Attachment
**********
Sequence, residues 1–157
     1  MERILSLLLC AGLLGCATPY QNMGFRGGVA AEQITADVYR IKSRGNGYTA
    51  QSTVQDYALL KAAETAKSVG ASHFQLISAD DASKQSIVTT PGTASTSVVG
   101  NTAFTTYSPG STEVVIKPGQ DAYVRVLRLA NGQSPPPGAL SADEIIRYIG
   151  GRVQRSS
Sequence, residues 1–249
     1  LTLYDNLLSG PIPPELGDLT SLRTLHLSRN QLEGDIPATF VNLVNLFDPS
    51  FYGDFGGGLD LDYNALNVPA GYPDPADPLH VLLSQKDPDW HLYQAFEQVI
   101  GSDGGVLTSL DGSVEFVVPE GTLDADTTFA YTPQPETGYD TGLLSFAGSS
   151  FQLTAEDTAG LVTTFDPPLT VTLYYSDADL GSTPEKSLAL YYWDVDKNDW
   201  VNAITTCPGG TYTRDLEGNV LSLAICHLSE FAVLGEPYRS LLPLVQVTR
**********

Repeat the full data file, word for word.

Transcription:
Sequence, residues 1–157
     1  MERILSLLLC AGLLGCATPY QNMGFRGGVA AEQITADVYR IKSRGNGYTA
    51  QSTVQDYALL KAAETAKSVG ASHFQLISAD DASKQSIVTT PGTASTSVVG
   101  NTAFTTYSPG STEVVIKPGQ DAYVRVLRLA NGQSPPPGAL SADEIIRYIG
   151  GRVQRSS
Sequence, residues 1–249
     1  LTLYDNLLSG PIPPELGDLT SLRTLHLSRN QLEGDIPATF VNLVNLFDPS
    51  FYGDFGGGLD LDYNALNVPA GYPDPADPLH VLLSQKDPDW HLYQAFEQVI
   101  GSDGGVLTSL DGSVEFVVPE GTLDADTTFA YTPQPETGYD TGLLSFAGSS
   151  FQLTAEDTAG LVTTFDPPLT VTLYYSDADL GSTPEKSLAL YYWDVDKNDW
   201  VNAITTCPGG TYTRDLEGNV LSLAICHLSE FAVLGEPYRS LLPLVQVTR